Cars are cars

I love cars.

When I was a very little kid I remember running round public gardens making engine noises, revving up and changing down. I was a car. My father used to tell a story that once some poor people, sitting quietly on a park bench, asked me to shift gear when my engine was patently redlining. It was my dad’s birthday today, and as the years go by, more and more I realize how much I loved him.

If you’re lucky, your parents are a rock, and later on you yourself become a rock for your children, and sometimes for others around you. Exactly when one shifts to the other is one of life’s great unknowns, the moment when you change from being the water that splashes on the stone to becoming the stone itself.

My father named me Peter, which in latin means stone, and on occasion he used to quote me the words of Jesus Christ:

et ego dico tibi quia tu es Petrus et super hanc petram aedificabo ecclesiam meam et portae inferi non praevalebunt adversum eam

if Latin didn’t sink in, I got the French version:

Et moi, je te déclare : Tu es Pierre, et sur cette pierre j’édifierai mon Eglise, contre laquelle la mort elle-même ne pourra rien

But then my dad was a cultivated man. Me, I think classical music started with Elvis Presley.

Before Elvis’s time almost all songs were written about love. The best ones always about unrequited love, the breakdown of love, guilt and sorrow, but always love. My father was a big fan of Maurice Chevalier, and as far as I can remember, all his songs were about love. I promise I’ll get to the cars, but love is a terrific subject. I recently learnt that Lili Marlene, the quintissential soldier’s ballad, had simultaneous versions in German and English, thereby comforting the opposing forces in World War II,  and was written by a soldier in World War I about his two mistresses, Lili and Marlene. And there you were thinking of the poor chap longing for his sweetheart!

There was the odd song written about inanimate objects, such as cities (Chicago), and then suddenly a whole bunch of songs appeared about cars. In a constricted home environment, cars were the teenage liberator. They became the places where you lost your virginity (and I suppose these days when you changed cars you’d be a born-again), and the macho symbol for speed and power. Of course this worked better in the US than Europe, where you might find yourself somewhat cramped in a Morris Minor.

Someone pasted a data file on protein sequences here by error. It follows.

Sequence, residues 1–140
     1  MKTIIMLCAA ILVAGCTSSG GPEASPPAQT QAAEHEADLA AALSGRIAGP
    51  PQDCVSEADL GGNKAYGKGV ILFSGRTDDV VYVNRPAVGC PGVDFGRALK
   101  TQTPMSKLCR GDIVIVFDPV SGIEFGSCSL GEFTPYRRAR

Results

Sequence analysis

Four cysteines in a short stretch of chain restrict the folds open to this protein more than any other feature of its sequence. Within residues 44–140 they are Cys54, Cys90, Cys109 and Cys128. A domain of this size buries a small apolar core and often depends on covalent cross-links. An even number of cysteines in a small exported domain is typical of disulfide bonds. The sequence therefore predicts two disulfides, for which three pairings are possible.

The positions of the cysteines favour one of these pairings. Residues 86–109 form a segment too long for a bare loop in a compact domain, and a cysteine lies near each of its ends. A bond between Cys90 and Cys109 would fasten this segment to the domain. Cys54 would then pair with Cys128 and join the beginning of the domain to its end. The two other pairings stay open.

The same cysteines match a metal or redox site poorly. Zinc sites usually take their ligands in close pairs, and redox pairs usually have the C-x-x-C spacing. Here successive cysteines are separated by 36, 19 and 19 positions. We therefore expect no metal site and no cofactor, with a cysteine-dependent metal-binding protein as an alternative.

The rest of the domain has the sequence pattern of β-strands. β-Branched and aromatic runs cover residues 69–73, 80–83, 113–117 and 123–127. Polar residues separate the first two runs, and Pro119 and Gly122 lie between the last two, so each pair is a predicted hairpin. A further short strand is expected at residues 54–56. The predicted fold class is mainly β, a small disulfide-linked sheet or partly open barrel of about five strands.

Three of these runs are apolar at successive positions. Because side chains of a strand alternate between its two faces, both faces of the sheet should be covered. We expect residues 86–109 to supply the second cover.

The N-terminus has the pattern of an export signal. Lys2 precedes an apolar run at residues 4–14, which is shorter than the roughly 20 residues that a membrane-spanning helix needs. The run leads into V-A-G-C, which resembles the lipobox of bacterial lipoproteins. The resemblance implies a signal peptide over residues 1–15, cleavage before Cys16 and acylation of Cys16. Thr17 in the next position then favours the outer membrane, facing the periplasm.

The British Morris Minor, affectionately known as the "Jelly Mould", a rather cramped place for sexual initiation

Paul Simon said it best in the aptly named Cars Are Cars:

I once had a car that was more like my home
I lived in it, loved in it, polished its chrome
If some of my homes had been more like my car
I probably wouldn’t have travelled this far

The wonderful freedom the car granted in the XXth century, and the enormous gain in productivity, stemmed from a German invention, the internal combustion engine. I’ve always been impressed by the simplicity of the idea, and how easy it is to understand. I think that’s also why it has endured. Just about anyone can repair one, as has been shown in Cuba, where US models from the 1950’s abound, complete with gigantic fins, and Africa, where the hardy Peugeot 404 continues to thrive, repaired a thousand times by the welder’s torch and the smith’s forge.

The West forgets how the world lives: in African markets surplus clothing items donated from Europe are not given, which is the intent of the good folk from London and Los Angeles, they’re sold, and widely described as dead men’s clothes. No one in their right minds would give something that good away!

All the engines seem to have been invented by Germans, Messrs. Daimler, Benz, Diesel, and improbably, Wankel. Never a Smith engine, or a Gomez. Although the Scots redeemed themselves with James Watt, who invented the steam engine and left his name on the physical unit of power.

Modern day applications of the internal combustion engine: a longtail on Kho Phi Phi, Thailand

From cars came boats and planes, generators, and a host of other items that have made our life easier and given us more time to think, write, and be creative. Or not. But that’s a matter of choice, not obligation.

Cars are cars
All over the world
Engine in the front
Jack in the back
Wheels take the brunt
Pinion and rack

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